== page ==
The Latin word for translation is ‘translatio’, which means to carry across or to bring across. In this sense you therefore bring/carry across the text, word etc. from the source language (SL) to the target language (TL).

The Greek word for translation is μετάφρασις (metaphrasis), which means a speaking across. Metaphrasis or metaphase, as it’s called in English, means literal or word-for-word translation. The contrast to μετάφρασις (metaphrasis ) is παράφρασις (paraphrasis), meaning a saying in other words. Today the two terms are parallel to the English terms; formal equivalence (literal) and functional equivalence (meaning).

The definition of translation in Oxford’s dictionary is, [mass noun] the process of translating words or text from one language into another. [count noun] a written or spoken rendering of the meaning of a word or text in another language.” (

From this we can conclude that a translation is a process, where the SL is carried across in the TL, either formal or functional. But what else is there to know about translation?

Interlingual vs. Intralingual

A translation of a text can either be interlingual, which means that the text is translated from one language in another language or intralingual, which is translations within one language e.g. translation of ‘legal language’ to ‘general language’ or from a ‘dialect’ to ‘general language etc.

But does a translation always have to be done on word or text basis? No, you can also translate e.g. spoken language, signs, sign language, gestures, context etc.

Translation strategy

Moving on to a more practice orientated level of translating. We have established that translating is a process, but how do we come from SL to TL? And which strategy should we choose – a literal or a functional?

When translating, there are many factors to take into consideration. First of all it’s important to identify, what the purpose (skopos) of the translation is, why is it being translated? Then the translation situation must be analyzed; who is the text for (target audience – TA) and where is it being published (target place –TP). In continuation hereof the source text (ST) must be analyzed; what is the purpose of the text, which genre are we dealing with, how is the structure, which language instruments have been used etc.? And finally it’s time to consider, which strategy you want to use. When deciding on a strategy, following aspects can be considered; is the purpose directly transferable, is the genre and language instruments to be directly transferred and does the TA have the same knowledge as the source audience (SA) – if not, do we need to change something in order to maintain the meaning (see also: or do we need to add extra information? And last but not least, are we (the translators) to concentrate on the text’s form or purpose? (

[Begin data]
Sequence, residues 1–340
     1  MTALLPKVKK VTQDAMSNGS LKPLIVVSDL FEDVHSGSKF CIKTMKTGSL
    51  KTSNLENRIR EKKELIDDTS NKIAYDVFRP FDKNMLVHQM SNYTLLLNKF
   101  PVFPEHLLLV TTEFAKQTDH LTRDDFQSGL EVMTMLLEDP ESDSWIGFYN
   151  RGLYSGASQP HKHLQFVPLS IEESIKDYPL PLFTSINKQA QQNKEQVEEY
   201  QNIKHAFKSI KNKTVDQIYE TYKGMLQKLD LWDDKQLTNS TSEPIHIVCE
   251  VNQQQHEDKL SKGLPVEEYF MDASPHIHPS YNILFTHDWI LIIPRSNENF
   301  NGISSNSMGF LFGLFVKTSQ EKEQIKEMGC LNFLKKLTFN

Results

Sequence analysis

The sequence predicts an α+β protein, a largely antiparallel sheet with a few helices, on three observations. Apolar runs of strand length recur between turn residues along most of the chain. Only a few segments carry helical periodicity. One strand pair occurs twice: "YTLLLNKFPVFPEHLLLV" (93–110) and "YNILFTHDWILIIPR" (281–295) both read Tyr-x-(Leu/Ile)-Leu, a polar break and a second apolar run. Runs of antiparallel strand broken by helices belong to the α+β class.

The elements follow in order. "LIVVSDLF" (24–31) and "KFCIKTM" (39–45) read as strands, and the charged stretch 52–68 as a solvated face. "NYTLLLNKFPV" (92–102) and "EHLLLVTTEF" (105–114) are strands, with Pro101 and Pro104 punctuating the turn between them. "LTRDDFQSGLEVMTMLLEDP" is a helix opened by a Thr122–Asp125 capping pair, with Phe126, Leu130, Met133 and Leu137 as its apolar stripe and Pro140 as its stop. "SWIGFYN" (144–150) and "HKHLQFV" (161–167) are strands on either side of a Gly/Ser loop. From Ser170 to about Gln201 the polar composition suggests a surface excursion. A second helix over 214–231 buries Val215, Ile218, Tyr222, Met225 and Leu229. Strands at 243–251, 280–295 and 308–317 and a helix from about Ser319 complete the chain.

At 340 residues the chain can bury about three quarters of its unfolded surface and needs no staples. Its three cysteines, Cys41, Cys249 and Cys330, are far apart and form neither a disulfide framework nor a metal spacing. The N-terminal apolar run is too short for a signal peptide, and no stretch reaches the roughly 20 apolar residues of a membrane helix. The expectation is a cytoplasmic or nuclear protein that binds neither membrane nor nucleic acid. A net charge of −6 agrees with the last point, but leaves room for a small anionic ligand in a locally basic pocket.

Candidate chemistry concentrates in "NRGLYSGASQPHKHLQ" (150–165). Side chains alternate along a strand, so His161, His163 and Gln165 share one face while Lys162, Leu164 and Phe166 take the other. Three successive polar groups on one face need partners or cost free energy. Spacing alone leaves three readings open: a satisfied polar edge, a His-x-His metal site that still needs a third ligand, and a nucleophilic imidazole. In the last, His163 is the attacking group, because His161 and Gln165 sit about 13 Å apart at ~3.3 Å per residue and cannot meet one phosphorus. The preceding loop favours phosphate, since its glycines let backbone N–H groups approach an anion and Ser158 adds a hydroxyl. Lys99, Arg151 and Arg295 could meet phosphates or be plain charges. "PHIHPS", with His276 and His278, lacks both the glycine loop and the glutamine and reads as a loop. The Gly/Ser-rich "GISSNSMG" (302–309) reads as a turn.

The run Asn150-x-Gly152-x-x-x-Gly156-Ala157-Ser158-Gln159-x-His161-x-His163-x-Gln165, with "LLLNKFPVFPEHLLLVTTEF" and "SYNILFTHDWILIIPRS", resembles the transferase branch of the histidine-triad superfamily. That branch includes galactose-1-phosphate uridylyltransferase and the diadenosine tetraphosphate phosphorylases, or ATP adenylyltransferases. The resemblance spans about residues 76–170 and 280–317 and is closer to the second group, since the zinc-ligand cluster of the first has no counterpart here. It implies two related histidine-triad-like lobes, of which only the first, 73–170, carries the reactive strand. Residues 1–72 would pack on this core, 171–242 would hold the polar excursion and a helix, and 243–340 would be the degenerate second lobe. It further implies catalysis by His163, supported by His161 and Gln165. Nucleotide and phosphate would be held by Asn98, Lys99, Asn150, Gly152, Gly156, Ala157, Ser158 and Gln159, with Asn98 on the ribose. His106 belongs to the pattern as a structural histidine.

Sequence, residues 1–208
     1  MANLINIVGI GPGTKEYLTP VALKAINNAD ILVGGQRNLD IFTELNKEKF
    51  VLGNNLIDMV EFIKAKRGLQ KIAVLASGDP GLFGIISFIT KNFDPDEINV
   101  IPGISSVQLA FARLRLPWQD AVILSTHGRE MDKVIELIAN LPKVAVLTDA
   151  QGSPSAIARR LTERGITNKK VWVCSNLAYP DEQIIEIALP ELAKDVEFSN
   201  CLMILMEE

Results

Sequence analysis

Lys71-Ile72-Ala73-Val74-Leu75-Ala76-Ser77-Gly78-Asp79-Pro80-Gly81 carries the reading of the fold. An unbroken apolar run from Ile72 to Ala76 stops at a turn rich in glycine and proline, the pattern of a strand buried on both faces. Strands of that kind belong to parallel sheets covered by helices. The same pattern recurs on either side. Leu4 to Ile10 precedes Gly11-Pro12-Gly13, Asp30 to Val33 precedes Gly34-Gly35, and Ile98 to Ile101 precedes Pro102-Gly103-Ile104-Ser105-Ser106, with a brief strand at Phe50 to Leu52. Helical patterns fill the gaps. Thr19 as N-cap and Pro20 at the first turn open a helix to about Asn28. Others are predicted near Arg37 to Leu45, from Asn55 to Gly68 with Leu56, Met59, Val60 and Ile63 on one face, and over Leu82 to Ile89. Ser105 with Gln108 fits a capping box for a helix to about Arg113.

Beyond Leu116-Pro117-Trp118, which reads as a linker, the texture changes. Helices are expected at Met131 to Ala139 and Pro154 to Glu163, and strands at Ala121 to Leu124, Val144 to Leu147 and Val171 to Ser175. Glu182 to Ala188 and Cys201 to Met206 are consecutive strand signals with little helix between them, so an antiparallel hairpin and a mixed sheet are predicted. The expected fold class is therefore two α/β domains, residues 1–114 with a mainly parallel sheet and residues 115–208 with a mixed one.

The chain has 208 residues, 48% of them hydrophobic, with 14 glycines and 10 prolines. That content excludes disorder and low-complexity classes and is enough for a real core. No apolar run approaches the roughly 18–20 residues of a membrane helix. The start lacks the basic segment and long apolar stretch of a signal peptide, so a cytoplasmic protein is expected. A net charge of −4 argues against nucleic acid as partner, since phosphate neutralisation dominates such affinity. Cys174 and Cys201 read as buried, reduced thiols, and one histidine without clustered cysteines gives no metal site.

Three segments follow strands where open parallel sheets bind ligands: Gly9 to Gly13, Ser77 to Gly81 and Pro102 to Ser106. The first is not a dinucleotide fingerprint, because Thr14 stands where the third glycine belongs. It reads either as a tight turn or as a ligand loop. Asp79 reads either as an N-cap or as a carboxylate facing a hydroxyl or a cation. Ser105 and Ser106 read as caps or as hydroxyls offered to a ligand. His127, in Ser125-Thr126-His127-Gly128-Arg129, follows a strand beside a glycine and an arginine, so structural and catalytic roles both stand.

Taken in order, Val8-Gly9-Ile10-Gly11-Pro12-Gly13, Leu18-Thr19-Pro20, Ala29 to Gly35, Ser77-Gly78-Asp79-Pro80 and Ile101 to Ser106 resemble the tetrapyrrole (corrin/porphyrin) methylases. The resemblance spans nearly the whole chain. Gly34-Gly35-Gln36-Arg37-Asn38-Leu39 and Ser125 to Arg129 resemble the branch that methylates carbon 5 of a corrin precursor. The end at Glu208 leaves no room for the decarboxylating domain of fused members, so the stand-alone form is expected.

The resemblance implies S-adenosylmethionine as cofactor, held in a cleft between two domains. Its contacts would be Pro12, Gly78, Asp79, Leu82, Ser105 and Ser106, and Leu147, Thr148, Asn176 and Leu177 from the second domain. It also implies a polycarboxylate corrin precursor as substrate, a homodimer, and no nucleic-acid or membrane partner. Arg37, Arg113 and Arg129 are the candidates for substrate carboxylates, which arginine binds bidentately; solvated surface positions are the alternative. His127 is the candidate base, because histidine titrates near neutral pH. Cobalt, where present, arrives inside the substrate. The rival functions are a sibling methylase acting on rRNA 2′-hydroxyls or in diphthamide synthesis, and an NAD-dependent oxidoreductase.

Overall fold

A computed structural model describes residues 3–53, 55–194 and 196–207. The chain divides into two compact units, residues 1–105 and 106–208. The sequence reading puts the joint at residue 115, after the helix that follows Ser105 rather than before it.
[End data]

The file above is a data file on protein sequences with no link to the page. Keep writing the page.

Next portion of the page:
Translation stages:

To give you an overview of the process I’ve divided it into stages:

1: Communication situation & Target audience

–          Who is the sender

–          Who is the receiver

–          What’s the purpose of the text (general)

2: Source text

–          Read all of the text*

–          Analyze it

–          What’s the purpose of the text

–          What’s the genre

–          Which language instruments are used

–          How is the text structured

–          Which knowledge is presupposed by the reader of the ST

3: Translation strategy

–           Is the purpose of the ST to be transferred directly

–          Are the genre/language instruments to be transferred directly

–          Can the same knowledge be presupposed by the target text (TT)

–          Should you focus on the form or the meaning of the text

–          Should the translation be close to the ST or not: e.g. B-menneske (Danish)= a) B-person or b) late riser (English)

4: The actual translation and proofingProofing

–         The translation starts

–         When proofing, remember to check up on terms, names etc. are they consistent or not.

–         A good idea is to write down everything you need to check up on later or make a clear comment in your text, so you don’t forget it later.


* You might not always have time to read the entire text, especially if it’s a book translation that has a certain time frame – then other strategies must be considered.

All depending of the genre there are different strategies to consider, as I just mentioned, if you are to translate a book, you don’t have time to read the book, but you still have to familiarize yourself with the genre, theme(s), style, person gallery etc. If you are translating legal document make sure to be close to the text, whereas other genres such as commercials, sales letters etc. can be freer, as the main goal is to transfer the meaning of message. Not too free though, if it changes the style of the original writer.

Have fun translating